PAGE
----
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A democratic republic is a form of government operating on principles adopted from a republic and a democracy. Rather than being a cross between two entirely separate systems, democratic republics may function on principles shared by both republics and democracies.

Contents

1 Theory 2 History 3 Global use of the term 4 See also 5 References

Theory[edit] Common definitions of the terms democracy and republic often feature overlapping concerns, suggesting that many democracies function as republics, and many republics operate on democratic principles, as shown by these definitions from the Oxford dictionary online:

Republic: "A state in which supreme power is held by the people and their elected representatives..."[1] Democracy: "A system of government by the whole population or all the eligible members of a state, typically through elected representatives."[2]

Eugene Volokh of the UCLA School of Law notes that the United States exemplifies the varied nature of a democratic republic—a country where some decisions (often local) are made by direct democratic processes, while others (often federal) are made by democratically elected representatives.[3] As with many large systems, US governance is incompletely described by any single term. It also employs the concept, for instance, of a constitutional democracy in which a court system is involved in matters of jurisprudence.[3] As with other democracies, not all persons in a democratic republic are necessarily citizens, and not all citizens are necessarily entitled to vote.[4] Suffrage
Suffrage
is commonly restricted by criteria such as voting age.[5] History[edit] In the US, the notion that a republic was a form of democracy was common from the time of its founding, and the concepts associated with representative democracy (and hence with a democratic republic) are suggested by John Adams (writing in 1784):

No determinations are carried, it is true, in a simple representative democracy, but by consent of the majority or their representatives.[6]

Historically, some inconsistency around the term is frequent. China claims to be the oldest of Asia's democratic republics, though its recent history of democratic process is largely linked only to Taiwan.[7] Likewise, Africa's oldest democratic republic, Liberia (formed in 1822), has had its political stability rocked by periodic violence and coups.[8] Global use of the term[edit] Many countries that use the term "democratic republic" in their official names (such as Algeria,[9] East Congo,[10] Ethiopia,[11] North Korea,[12] Laos,[13] and Nepal[13]) are identified as undemocratic "hybrid regimes" by the Democracy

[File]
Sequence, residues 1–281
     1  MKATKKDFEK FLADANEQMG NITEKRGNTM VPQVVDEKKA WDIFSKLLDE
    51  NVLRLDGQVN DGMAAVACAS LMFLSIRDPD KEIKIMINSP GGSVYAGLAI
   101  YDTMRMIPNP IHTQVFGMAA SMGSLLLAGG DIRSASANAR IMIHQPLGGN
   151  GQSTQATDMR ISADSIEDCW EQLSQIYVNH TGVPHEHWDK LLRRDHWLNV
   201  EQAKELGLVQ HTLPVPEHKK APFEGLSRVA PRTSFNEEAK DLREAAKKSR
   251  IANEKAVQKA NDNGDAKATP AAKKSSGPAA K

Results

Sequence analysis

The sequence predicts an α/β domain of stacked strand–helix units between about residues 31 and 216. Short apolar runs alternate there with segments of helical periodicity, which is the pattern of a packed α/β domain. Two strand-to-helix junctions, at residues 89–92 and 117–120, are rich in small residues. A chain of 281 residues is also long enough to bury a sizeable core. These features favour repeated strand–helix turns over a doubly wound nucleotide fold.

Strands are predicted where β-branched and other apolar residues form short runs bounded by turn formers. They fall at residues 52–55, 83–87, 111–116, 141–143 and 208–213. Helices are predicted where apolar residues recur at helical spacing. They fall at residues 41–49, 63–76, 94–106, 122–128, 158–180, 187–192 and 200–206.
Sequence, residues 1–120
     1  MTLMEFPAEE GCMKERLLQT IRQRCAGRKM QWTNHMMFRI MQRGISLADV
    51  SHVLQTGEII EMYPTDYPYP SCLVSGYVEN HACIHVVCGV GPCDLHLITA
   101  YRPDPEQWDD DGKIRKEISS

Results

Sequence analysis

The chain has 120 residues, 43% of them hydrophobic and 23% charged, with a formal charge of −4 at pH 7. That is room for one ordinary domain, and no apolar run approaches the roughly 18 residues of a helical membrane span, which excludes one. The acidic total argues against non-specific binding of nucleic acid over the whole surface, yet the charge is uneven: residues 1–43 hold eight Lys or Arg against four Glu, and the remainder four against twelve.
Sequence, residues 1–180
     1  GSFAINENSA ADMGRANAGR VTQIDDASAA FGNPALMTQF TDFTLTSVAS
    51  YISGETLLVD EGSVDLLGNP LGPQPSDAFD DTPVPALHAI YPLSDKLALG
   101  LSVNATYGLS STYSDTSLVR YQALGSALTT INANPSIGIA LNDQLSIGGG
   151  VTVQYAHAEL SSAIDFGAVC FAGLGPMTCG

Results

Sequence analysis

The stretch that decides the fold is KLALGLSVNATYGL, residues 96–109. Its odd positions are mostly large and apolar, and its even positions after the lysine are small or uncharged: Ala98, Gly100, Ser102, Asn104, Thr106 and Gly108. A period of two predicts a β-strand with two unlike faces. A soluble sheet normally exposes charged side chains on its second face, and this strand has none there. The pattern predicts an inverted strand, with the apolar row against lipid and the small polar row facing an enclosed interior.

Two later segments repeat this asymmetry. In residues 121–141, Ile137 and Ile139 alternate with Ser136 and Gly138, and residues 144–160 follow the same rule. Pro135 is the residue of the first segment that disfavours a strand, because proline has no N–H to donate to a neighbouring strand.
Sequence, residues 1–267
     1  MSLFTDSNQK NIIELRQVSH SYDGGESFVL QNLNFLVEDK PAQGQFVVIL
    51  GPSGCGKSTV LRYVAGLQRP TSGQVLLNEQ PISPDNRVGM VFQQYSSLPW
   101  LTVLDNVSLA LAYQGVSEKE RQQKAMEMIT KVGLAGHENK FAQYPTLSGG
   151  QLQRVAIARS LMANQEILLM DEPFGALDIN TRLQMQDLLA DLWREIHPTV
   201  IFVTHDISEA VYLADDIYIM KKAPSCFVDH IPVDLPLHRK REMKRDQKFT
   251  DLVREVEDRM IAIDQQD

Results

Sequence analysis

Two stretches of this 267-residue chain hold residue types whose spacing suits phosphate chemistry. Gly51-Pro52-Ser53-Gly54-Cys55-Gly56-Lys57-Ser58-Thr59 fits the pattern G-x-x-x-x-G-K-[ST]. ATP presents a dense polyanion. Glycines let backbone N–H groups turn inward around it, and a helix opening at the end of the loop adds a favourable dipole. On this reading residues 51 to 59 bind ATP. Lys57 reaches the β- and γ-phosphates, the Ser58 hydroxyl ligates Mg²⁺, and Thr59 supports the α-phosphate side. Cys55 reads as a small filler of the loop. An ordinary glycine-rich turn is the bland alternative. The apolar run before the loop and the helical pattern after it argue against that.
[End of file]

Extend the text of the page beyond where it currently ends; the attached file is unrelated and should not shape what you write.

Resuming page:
Democracy
Index[14] and "not free" by the U.S.-based, U.S.-government-funded non-governmental organization, Freedom House.[15] In addition, East Germany
East Germany
was also officially known as the German Democratic Republic, but, like the Somali Democratic Republic[16] and People's Democratic Republic
Republic
of Ethiopia,[17] was controlled by a bureaucratic regime espousing communism.[18] There are also countries which uses the term "Democratic Republic" in the name, and has a good track of general election, and was rated flawed democracy or full democracy in the Democracy
Democracy
Index, such as the Democratic Republic
Republic
of Timor-Leste and the Democratic Socialist Republic
Republic
of Sri Lanka. See also[edit]

Democracy Republic Federal republic People's republic Liberal democracy Indices of freedom

References[edit]

^ "republic Definition of republic in English by Oxford Dictionaries". Oxford Dictionaries English. Retrieved 2017-12-04.  ^ "democracy Definition of democracy in English by Oxford Dictionaries". Oxford Dictionaries English. Retrieved 2017-12-04.  ^ a b Volokh, Eugene (2015-05-13). "Is the United States of America a republic or a democracy?". Washington Post. ISSN 0190-8286. Retrieved 2017-12-03.  ^ "Characteristics of Democratic Republic". Government VS. softUsvista Inc.  ^ "Voter Registration Age Requirements by State". USA.gov. Retrieved December 3, 2017.  ^ Adams, John (1851). The Works of John Adams, Second President of the United States: With a Life of the Author, Notes and Illustrations. Little, Brown.  ^ Yongnian, Zheng; Fook, Lye Liang; Hofmeister, Wilhelm (2013-10-23). Parliaments in Asia: Institution Building and Political Development. Routledge. ISBN 9781134469659.  ^ "Elections history in Africa's oldest democratic republic: Liberia". euronews. 2017-10-08. Retrieved 2017-12-03.  ^ "The World Factbook — Central Intelligence Agency". www.cia.gov. Retrieved 2017-12-03.  ^ "The World Factbook — Central Intelligence Agency". www.cia.gov. Retrieved 2017-12-03.  ^ "The World Factbook — Central Intelligence Agency". www.cia.gov. Retrieved 2017-12-03.  ^ "The World Factbook — Central Intelligence Agency". www.cia.gov. Retrieved 2017-12-03.  ^ a b "The World Factbook — Central Intelligence Agency". www.cia.gov. Retrieved 2017-12-03.  ^ "EIU Democracy
Democracy
Index 2016". infographics.economist.com. Retrieved 2017-12-03.  ^ "Freedom in the World 2017". freedomhouse.org. Retrieved 2017-12-03.  ^ "Somali Democratic Republic". www.onwar.com. Retrieved 2017-12-04.  ^ Clapham, Christopher (1987-06-01). "The constitution of the people's democratic Republic
Republic
of Ethiopia". Journal of Communist Studies. 3 (2): 192–195. doi:10.1080/13523278708414865. ISSN 0268-4535.  ^ "Berlin Wall - Cold War - HISTORY.com". HISTORY.com. Retrieved 2017-12-03. 

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